Editorial: The Shape of Water Was More True To Classic Universal Than The Mummy 2017
By Jonathan Balofsky On 25 Jan, 2018 At 05:27 PM | Categorized As Editorials, Featured, Movie News, Opinion, ROG News | With 0 Comments

 

2017 was a year of many great and not so great movies, and there was something for everyone. Two movies that stood out to me above all other were The Mummy and The Shape of Water, and this is due to comparisons I made between the two. The Mummy was the lastest reboot of the series by Universal, this time in an attempt to create a cinematic universe for their monster characters. This would be called the Dark Universe and its future was in doubt for a while after the failure of the reboot at the box office ( and in terms of critical reception), before recently getting back on track. The Shape of Water on the other hand is a standalone film by Guillermo Del Toro, and while it has no connection to the Universal Monsters, does mange to feel like a true successor. In fact, I would go so far as to say it succeeded at capturing the spirit more than The Mummy did.

The Mummy was a reboot that seemed to take from almost every idea that is popular currently ( something also noted by James Rolfe), and not done particularly well.  The editing and pacing are off, and the movie takes so much of its time to set up future events rather than actually make a coherent film. Not to mention the plot not making any sense, with unlikeable and/or boring characters, villains whose motivations are all over the place and plot twists that have no payoff. There is also the wholesale lifting of an entire idea and plot device from American Werewolf in London, and a complete butchering of Egyptian Mythology that just destroys any immersion.

The movie seemed to want to be taken seriously and fell so short. The 19190’s reboot was done in the style of a b-movie with a big budget, it had no desire to surpass the originals and holds up well on its own because of that. This film on the other hand, has no enjoyment factor and is just a waste of potential. But then we come to the other half of this equation with The Shape of Water.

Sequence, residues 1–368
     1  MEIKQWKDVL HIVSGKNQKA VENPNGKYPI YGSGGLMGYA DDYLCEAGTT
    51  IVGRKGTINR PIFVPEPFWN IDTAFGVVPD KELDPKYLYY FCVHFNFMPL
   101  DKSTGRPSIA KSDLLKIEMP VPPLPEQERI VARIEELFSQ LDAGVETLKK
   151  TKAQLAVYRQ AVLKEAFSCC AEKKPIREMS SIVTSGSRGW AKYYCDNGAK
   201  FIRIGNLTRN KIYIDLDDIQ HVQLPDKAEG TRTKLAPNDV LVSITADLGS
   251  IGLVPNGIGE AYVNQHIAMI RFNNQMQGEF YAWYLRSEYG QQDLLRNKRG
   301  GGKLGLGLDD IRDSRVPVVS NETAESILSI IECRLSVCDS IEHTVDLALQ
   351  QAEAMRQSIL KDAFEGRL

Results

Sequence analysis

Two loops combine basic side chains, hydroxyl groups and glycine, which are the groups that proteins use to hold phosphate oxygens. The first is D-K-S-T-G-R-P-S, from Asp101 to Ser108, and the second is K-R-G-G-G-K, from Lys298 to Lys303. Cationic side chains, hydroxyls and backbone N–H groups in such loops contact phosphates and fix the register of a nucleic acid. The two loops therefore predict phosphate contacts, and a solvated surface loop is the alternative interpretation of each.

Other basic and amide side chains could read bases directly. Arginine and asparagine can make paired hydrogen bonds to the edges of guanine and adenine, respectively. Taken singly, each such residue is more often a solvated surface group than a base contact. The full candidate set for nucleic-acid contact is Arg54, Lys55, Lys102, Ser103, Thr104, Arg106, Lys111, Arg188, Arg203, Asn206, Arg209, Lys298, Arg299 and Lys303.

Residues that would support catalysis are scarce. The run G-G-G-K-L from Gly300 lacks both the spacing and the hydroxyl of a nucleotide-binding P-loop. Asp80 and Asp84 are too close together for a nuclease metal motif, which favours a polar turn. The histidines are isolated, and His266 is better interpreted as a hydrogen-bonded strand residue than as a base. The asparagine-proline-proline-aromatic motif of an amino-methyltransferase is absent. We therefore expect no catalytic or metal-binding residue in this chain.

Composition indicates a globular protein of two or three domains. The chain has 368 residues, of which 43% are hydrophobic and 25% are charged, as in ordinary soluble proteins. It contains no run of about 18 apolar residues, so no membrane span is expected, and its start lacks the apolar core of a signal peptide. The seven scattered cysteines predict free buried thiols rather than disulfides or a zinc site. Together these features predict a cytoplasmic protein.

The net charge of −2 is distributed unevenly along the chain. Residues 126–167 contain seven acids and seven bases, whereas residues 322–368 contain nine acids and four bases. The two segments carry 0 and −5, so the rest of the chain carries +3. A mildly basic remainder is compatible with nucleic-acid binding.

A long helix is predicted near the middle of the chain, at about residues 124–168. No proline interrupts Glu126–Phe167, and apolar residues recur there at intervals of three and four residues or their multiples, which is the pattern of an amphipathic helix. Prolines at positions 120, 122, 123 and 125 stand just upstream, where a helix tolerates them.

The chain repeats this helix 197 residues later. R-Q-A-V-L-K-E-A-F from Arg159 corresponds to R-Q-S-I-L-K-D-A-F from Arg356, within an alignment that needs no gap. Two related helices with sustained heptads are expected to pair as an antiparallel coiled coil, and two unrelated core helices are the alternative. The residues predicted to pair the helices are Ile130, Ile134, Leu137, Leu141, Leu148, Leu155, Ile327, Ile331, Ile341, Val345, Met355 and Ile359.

The Shape of Water had no intention of setting up a cinematic universe and instead was a tightly plotted and perfectly paced film ( even with one scene that was out of place). The movie may not be a remake of Creature from the Black Lagoon, but it feels like a brilliant modern version of one. Del Toro’s imagination works wonders here, and he took the work he did with Pan’s Labyrinth and took it a step further. He captured the era perfectly and creates the right mood and atmosphere.  The Shape of Water is what I would want in a modern reboot of a classic monster film, and the fact that it is an original movie just makes The Mummy’s failure stand out even more.

Creature from The Black Lagoon is often considered the last of the Universal Monster series, and the Mummy was among the first. This provides an interesting contrast to the two films, as one the Mummy 2017 attempted to restart the cycle and nearly ruined everything, while The Shape of Water was not dependent on anything and helped create a world I want to see more of. It is this fact that made me realize that The Shape of Water is indeed the successor to the Universal Monsters, simply by not trying to be one. It is a film that deserves all of its praise while the Mummy deserves all of the scorn it got. The results simply speak for themselves.

 

Disclaimer: The above was the opinion solely of the author and does not necessarily reflect that of Real Otaku Gamer or its staff.

 

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